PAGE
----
Referred to as digital gold, decentralized Bitcoin is also an irreversible payment method. But, bitcoin (small "b") is also the measured unit of account within the overall Bitcoin payment network similar to the LR-USD and LR-EUR units of account within the Liberty Reserve system. The notable difference being that bitcoin is a nonpolitical unit of account whereas LR-USD and LR-EUR were anchored to the respective political units of account.

In the early days of bitcoin, exchangers and sellers of the currency suffered because Visa MasterCard and PayPal blocked any transactions involving the acquisition of bitcoin, and for good reason. The purchasing of an irreversible instrument is simply not a good match for a payments industry that offers transaction repudiation, merchant chargebacks, and also has to absorb losses from counterfeit cards. To get their money to the Bitcoin exchanges, customers were forced to rely on expensive international wires and the services of Liberty Reserve. This was done more for the payment finality reasons than any desired anonymity.

Other business sectors that benefit from payment finality include online casino gaming, sports betting, lotteries, adult services, pawn shops, credit repair services, debt settlement services, and virtual currency exchanges that involve the trade of other negotiable instruments or the loading of prepaid cards. Although operating as legal businesses in many jurisdictions, these merchant categories have typically been labeled as high-risk and subsequently restricted by the payment networks. Liberty Reserve filled the market need left by the larger payment networks.

Liberty Reserve also extended into the foreign exchange trading world, as a means of paying independent brokers who signed up clients for forex trading firms, and in some cases as a deposit option for client accounts. In these cases, the Liberty Reserve payment system acted as an international wire service for regions of the world that were totally ignored or blockaded by SWIFT and the international banking system.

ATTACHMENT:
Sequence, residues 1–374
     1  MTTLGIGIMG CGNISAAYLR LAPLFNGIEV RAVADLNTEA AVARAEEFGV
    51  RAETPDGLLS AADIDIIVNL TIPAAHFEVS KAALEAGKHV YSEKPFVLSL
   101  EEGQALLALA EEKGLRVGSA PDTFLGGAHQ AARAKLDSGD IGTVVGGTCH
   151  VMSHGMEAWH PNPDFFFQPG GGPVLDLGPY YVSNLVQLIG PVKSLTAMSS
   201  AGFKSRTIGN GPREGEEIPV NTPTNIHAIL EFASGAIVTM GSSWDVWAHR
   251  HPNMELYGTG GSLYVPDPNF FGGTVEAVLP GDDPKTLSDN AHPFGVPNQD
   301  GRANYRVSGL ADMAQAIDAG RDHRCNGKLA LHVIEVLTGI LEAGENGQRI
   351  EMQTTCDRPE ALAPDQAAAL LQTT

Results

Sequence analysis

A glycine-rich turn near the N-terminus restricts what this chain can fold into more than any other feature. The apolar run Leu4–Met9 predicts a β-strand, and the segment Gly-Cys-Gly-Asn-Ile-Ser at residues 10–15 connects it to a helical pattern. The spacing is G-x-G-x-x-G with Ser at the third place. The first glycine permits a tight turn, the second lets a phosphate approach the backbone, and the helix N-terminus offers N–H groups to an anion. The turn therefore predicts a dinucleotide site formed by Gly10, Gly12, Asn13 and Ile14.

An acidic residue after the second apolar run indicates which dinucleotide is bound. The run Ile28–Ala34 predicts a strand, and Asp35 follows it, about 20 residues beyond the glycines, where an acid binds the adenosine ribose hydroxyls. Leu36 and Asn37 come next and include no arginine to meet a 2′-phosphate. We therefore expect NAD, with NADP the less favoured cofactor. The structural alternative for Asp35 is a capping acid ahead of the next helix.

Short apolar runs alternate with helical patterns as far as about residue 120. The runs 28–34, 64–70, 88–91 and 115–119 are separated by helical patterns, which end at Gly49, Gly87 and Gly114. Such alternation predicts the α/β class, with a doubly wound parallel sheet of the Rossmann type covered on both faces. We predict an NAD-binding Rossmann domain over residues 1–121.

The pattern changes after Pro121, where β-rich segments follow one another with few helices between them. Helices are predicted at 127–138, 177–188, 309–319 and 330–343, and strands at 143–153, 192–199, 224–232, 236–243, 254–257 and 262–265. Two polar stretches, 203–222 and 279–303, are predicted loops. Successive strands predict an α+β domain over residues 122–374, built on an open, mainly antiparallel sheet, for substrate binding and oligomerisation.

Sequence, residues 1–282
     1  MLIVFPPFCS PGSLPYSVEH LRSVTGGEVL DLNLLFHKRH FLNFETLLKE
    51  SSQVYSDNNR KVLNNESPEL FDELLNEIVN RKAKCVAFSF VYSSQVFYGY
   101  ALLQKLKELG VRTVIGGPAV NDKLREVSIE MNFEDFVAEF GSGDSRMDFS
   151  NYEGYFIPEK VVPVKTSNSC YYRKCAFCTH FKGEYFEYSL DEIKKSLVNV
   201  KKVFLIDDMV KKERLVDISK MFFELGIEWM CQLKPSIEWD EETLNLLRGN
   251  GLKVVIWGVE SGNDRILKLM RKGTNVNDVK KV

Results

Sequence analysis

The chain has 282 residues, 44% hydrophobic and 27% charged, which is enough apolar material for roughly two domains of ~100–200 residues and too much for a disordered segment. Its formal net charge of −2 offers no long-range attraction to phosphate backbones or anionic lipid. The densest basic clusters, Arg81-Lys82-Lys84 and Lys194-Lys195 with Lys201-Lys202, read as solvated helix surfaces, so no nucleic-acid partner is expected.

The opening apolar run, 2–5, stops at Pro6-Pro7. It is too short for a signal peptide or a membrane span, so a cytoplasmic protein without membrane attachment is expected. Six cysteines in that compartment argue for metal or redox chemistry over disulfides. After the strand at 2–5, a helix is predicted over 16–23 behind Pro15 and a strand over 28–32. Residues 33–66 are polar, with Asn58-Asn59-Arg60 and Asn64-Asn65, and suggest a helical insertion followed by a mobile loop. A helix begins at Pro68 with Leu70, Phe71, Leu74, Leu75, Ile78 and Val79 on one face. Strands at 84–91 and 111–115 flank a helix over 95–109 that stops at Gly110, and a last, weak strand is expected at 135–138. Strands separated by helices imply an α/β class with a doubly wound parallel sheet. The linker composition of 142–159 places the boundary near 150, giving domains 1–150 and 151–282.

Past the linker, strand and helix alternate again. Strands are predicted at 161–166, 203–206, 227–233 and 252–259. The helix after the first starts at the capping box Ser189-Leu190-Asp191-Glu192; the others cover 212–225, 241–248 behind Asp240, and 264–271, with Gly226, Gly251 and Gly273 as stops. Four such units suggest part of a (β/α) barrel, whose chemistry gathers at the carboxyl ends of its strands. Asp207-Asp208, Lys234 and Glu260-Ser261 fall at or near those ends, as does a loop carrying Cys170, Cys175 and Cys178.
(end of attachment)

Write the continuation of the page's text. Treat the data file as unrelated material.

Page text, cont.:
Masroor Ghoori, a foreign exchange broker and analyst in Pakistan, told the website Forex Magnates, "Forex brokers have been benefiting from Liberty Reserve's vast access as a payment provider, especially in countries where traders face difficulties in transferring funds. Liberty Reserve was a 'gift' for several traders, especially after the State Banks' (State Bank of Pakistan) changes to international money transfers."

Widely used by foreign exchange traders where domestic central banks restricted bank transfers to foreign entities, such as in Malaysia, Pakistan, Nigeria, Argentina, and Brazil, Liberty Reserve thrived as the preferred payment method. It offered traders a fast and cost effective funding method.

Clearly, identity is not the entire agenda. Any payment service offering payment finality must be "in the system," because according to the government, payment finality cannot be left to the free market. In the U.S., the government is the final arbiter of what transactions may or may not be reversed and it wants mandatory account identification because it facilitates the targeted enforcement. In the physical world with cash and gold, the power is exercised via seizure and confiscation. In the digital world with electronic accounts, the power is exercised through transaction reversals and account suspensions. At its essence, Liberty Reserve was an electronic value transfer service where payment finality was provided by the operator without judgment.

Choice in currency is a freedom of speech issue. Failing to recognize that fact only serves to strengthen the entrenched payment oligarchies and to undermine personal liberties in the transactions environment.

Today, voluntarily exiting the digital banking system has become a popular method of attaining a relative degree of financial independence and safety. Expect to see a lot more of these voluntary exits especially since the free market has been mostly stripped of digital payment finality and "Cyprus-ed" has become a verb.

Jon Matonis is an e-money researcher and crypto economist focused on expanding the circulation of nonpolitical digital currencies. His career has included senior posts at Sumitomo Bank, Visa, VeriSign and Hushmail. Currently, he serves on the board of the Bitcoin Foundation. Follow him on Twitter @jonmatonis.